In Australia, and some other countries, property owners are allowed a tax deduction for losses from negatively geared properties.
It is important to understand what negative gearing is and how it works before setting foot in the world of investment properties. It could mean thousands, or even millions of dollars.
What Is Negative Gearing?
Negative gearing is a property investment strategy where the cost of owning a property is higher than the rental income that it generates each year.
Gearing is financial jargon that means one has borrowed money to buy assets. If rental yield on an investment property isn’t enough to cover the mortgage and interest repayments, those costs will be coming out of the investor’s pocket.
Despite this expense, negative gearing remains a popular property investment strategy. Why?
What are the benefits of negative gearing?
There are some huge benefits for those who choose to negatively gear their investment properties.
Here are the two most important advantages:
1. Tax minimisation
Despite its name, negative gearing has a positive relationship with the investor’s income taxes. Property owners are allowed to deduct rental losses from their taxable income. The rental loss is the total cost of owning the property for the year, minus the rental income. Not only can Australians deduct the rental loss, but also all other related expenses such as maintenance costs and furniture depreciation.
This is a popular method of tax minimisation used by high-income investors.
2. Capital gains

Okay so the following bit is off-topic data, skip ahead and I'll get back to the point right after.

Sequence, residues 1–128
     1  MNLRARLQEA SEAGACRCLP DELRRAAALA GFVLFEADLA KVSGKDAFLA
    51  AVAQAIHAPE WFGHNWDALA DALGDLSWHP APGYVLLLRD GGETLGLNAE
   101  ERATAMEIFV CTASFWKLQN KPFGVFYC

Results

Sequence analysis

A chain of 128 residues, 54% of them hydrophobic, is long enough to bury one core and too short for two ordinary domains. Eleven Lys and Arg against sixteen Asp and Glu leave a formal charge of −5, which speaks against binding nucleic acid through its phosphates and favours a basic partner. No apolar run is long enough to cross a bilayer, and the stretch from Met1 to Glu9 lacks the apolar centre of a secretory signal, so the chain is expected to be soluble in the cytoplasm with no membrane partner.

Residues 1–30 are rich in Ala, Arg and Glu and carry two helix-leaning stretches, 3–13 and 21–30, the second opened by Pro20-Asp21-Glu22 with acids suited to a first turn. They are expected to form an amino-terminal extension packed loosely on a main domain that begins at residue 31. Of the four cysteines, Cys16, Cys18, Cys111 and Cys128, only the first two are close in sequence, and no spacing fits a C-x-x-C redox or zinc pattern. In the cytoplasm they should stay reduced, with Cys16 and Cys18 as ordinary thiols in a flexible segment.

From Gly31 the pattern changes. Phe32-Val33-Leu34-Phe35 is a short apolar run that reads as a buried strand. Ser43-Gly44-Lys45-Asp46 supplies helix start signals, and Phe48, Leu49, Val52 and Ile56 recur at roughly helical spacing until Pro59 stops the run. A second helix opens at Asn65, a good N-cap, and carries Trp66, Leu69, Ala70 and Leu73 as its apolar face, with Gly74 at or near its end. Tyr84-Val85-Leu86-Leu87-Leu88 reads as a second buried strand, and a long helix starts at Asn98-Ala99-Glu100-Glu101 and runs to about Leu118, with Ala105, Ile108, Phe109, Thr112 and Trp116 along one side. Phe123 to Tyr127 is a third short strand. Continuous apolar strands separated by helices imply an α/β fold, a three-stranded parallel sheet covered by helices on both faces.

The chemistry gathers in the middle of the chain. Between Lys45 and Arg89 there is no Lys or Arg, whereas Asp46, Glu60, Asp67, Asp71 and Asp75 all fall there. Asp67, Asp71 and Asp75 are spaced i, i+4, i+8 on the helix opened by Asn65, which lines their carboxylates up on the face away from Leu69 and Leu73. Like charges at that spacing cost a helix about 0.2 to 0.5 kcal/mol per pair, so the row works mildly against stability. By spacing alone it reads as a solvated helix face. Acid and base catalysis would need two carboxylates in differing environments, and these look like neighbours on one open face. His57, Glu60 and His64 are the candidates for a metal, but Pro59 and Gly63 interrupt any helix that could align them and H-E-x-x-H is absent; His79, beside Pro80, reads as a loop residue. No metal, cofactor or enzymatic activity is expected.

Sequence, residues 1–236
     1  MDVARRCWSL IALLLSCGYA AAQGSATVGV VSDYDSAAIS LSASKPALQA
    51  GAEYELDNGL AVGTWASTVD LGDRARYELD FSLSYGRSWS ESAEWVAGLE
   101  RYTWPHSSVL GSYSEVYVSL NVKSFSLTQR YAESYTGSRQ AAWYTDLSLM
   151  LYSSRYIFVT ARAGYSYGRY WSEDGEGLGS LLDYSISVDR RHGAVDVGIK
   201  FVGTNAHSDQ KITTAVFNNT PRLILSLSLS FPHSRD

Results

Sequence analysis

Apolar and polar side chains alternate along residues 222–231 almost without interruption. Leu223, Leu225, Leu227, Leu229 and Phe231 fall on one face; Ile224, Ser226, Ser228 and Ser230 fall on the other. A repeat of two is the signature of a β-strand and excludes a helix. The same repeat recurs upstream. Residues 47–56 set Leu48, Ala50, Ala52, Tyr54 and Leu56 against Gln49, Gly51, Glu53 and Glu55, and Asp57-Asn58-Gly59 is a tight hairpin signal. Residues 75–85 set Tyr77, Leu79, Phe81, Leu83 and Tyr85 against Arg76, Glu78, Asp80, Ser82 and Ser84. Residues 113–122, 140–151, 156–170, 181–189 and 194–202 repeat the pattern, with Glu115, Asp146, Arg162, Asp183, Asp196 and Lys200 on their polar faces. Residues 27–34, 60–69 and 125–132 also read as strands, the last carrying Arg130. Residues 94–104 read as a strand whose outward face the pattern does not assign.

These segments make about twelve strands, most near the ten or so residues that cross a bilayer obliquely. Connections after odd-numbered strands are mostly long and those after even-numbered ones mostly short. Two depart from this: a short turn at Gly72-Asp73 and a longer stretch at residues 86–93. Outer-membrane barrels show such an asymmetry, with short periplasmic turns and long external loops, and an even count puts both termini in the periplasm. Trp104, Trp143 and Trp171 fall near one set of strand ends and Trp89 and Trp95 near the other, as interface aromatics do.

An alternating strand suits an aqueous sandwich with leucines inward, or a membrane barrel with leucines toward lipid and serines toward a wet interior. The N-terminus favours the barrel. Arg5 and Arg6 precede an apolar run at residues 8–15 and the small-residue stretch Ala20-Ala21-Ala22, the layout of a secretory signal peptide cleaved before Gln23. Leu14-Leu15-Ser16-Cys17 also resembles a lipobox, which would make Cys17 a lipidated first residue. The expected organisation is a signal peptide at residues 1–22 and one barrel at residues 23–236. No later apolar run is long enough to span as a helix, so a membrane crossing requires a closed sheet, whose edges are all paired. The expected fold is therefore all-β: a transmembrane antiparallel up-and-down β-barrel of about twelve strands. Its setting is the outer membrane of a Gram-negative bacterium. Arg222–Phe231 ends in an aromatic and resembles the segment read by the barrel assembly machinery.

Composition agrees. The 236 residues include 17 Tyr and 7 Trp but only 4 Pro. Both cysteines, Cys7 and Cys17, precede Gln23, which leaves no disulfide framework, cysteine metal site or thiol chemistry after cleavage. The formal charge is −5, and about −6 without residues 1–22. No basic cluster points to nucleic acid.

The ultimate reason people are investing in property knowing very well that it will not yield any profits for some years is that they are hoping they will be able to bag a much bigger amount in capital gain when prices rise in the future.
Given the trend of rapidly rising property prices, chances are high that these investors will make a huge profit if they hold onto the property and are able to sell at the appropriate time.
What are the disadvantages of negative gearing?
After learning about the two main advantages of negative gearing, one might want to immediately employ this strategy. However, there are disadvantages:
1. Lower Cash Flow
With negative gearing, some of the expense of ownership comes out of the investor’s pocket.
This reduces cash flow. But there are some tips you can use to manage cash flow when negatively gearing.
2. Capital Losses
A profitable sale is part of a negative gearing strategy but it doesn’t always materialise. There are cases where, even after decades of waiting, the opportunity to sell a property at a profit never comes.
Who Can Benefit From Negative Gearing?
An investor must have certain things in place to benefit from negative gearing:
- A stable source of income: The investor must have a stable source of income other than the investment property, which they can use to finance their mortgage repayments and other expenses.
- Knowledge of property markets and locations: An investor must have adequate knowledge about the property market so that they are able to speculate intelligently on upcoming changes in property prices and invest only in areas where property values are growing.
- High income: The best-case scenario for a negative gearing investor is that they get tax savings from net loss throughout the term of investment property and then gain profit from a sale.
- The ability to bear losses: An investor in a negatively geared property must have the ability to bear losses in huge amounts. Being a high-income property investor helps with this. Having other sources of income will immunise investors against severe financial damage, even when prices drop or do not rise as expected.
Is Negative Gearing Still Worth It?
Whether negative gearing is a good investment strategy for you is a decision you should make based on your circumstances and needs, with the advice of an expert mortgage broker.
That’s why our Home Loan Experts are here. Call us at 1300 889 743 or fill our free enquiry form so we can help you learn more about the best investment strategy for you.